This is a follow-up article for From Idea to Sketch.


The first thing to check was a good framework to start with. We decided to go with Javascript/Typescript as Open Sheet Music Display is done in that language as well. And for easily setting up a demo we chose React which is an open source frontend library developed and maintained by Facebook. We also wanted to have a React demo for our renderer a while back so this was on the wish list anyways.  The graphics and visual eye candy will be done using material-UI and Bootstrap which are also open-source projects dealing with the CSS and layouting. This is a heavy burden taken away from us so we can focus on dealing with the code itself.

OSME Explorer

The code we want to write now based on all the previous investigations and discussions is a viewer that shows the structure of our practices and let the user explore it. It will be a very basic UI layer that only shows a list view holding the practice entries and the percentages done by the user. We also show if the best result has already unlocked a new practice.

The Code Behind

We start out by setting our code to be like we discussed in the earlier blog posts:

  const ons = new PracticeContainer(“one-note-samba.mxl”);
  ons.Title = “One Note Samba”;
  ons.Description = “The very beginning”

As we see, our container has a constructor that wants the MusicXML file and we can set a title, a description and a goal afterwards. While implementing, we discovered that we need to match our goal against something. So for that reason we have another class that has the same methods (at the moment) as the goal and can be used as a matcher.

The new PracticeContainer class looks like so:

export class PracticeContainer {
  public Goals: Goal[] = [];
  public Results: Result[] = [];
  public MusicXml: string;
  public Title: string = “”;
  public Description: string = “”;}

We have goals to meet, some description and the results for this very practice. So how do we check if we actually passed our practice?

public Passed() {
  if(this.Results.length === 0 || this.Goals.length === 0) {
      return false;
  const bestResult: Result = this.SortedResults[this.SortedResults.length-1];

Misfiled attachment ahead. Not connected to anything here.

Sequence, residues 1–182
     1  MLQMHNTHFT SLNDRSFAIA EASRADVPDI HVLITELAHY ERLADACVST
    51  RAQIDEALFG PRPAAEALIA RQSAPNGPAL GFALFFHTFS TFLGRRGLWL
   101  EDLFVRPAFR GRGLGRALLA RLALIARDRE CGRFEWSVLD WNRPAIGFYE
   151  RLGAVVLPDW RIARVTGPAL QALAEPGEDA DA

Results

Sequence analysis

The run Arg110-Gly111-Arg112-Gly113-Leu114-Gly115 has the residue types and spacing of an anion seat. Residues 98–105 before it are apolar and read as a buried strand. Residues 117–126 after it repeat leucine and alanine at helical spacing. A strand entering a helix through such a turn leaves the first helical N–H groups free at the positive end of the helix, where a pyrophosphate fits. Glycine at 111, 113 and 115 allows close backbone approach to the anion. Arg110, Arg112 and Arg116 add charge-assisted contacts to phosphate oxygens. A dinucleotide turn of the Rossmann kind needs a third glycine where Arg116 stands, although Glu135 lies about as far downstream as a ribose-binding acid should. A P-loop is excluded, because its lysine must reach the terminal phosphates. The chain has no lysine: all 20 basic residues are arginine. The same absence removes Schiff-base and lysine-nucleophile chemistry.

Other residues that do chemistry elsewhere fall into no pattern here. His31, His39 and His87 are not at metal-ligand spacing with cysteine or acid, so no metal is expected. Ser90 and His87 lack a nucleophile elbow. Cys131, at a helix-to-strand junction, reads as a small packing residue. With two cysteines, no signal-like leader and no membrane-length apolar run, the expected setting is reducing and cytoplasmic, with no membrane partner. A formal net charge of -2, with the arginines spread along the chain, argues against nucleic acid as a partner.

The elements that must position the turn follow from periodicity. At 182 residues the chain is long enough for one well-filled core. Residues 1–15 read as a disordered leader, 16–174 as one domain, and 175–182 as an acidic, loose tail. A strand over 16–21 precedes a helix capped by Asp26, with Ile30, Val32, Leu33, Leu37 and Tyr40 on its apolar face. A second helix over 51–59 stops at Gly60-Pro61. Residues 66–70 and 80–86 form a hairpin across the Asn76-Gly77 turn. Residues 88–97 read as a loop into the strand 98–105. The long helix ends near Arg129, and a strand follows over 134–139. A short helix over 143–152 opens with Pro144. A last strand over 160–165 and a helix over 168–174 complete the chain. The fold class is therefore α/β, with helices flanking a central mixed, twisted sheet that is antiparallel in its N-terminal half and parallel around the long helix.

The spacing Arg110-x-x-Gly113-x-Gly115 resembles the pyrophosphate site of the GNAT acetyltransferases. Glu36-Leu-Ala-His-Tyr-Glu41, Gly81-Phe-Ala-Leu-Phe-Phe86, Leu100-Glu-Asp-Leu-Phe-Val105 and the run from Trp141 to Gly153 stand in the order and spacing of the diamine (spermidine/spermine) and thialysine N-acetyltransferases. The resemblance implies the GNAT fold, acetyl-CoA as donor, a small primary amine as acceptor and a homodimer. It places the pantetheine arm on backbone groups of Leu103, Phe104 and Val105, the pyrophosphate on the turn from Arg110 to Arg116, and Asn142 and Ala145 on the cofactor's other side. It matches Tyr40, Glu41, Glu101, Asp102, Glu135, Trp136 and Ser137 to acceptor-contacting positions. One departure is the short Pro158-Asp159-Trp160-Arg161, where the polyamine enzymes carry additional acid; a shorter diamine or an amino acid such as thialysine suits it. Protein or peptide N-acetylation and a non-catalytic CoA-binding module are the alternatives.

return => g.Passed(bestResult)).every(b => b === true);

This method checks all our goals using a method goal.Passed() on the last element in our sorted results list. So what does that mean? We sort our results with the logic that the best result is the last in the list. That best run is fed into our goal which verifies itself and returns true. The every() function on the resulting logical array checks every item in the list for true and returns true if all are true.

Let’s have a closer look at our goal class:

export class Goal {
  Speed: SpeedConstraint = new SpeedConstraint();  
  PitchAccuracy: PitchAccuracy = new PitchAccuracy();
  TimeAccuracy: TimeAccuracy = new TimeAccuracy();
  ChordSimultaneity: ChordSimultaneity = new ChordSimultaneity([1, 2, 3, 4]);
  CustomMatch: IConstraint | undefined;
  Mandatory: Boolean = false;
  public Passed(practiceResult: Result) {
      const customPass: Boolean = this.CustomMatch ? this.CustomMatch.Passed(practiceResult.CustomMatch) : true;
      const speedPass: Boolean = this.Speed.Passed(practiceResult.Speed);
      const pitchass: Boolean = this.PitchAccuracy.Passed(practiceResult.PitchAccuracy);
      const timePass: Boolean = this.TimeAccuracy.Passed(practiceResult.TimeAccuracy);
      const chordsPass: Boolean = this.ChordSimultaneity.Passed(practiceResult.ChordSimultaneity);
      return customPass && speedPass && pitchass && timePass && chordsPass;

A goal is defined by various constraints. These constraints are implementations of the IConstraint interface. It requires methods to validate if one constraint is passed by another. That means we can easily compare the pitch accuracy result with its goal without caring about the implementation (which is currently stubbed anyways, look at the ChordSimultaneity). 

As we see a goal is met if all the constraints are passed compared to the result.

Where next?

The next steps are to check if the implementation fits our needs and can be easily extended using the constraint interface:

import { IConstraint } from “./IConstraint”;

export class SpeedConstraint implements IConstraint{
  public ConstraintValue: number = 90;

  Passed(otherConstraint: IConstraint): Boolean {
      return otherConstraint.ConstraintValue >= this.ConstraintValue;

  IsBetterThan(otherConstraint: IConstraint): Boolean {
      return this.ConstraintValue >= otherConstraint.ConstraintValue;
  IsCompatible(otherConstraint: IConstraint): Boolean {
      throw new Error(“Method not implemented.”);

We will also implement the correct patterns for these constraints. The biggest missing thing now is the dependency tree that resolves if a practice is mandatory for another one. This will also be included in the OSME explorer UI to show how the file is done.

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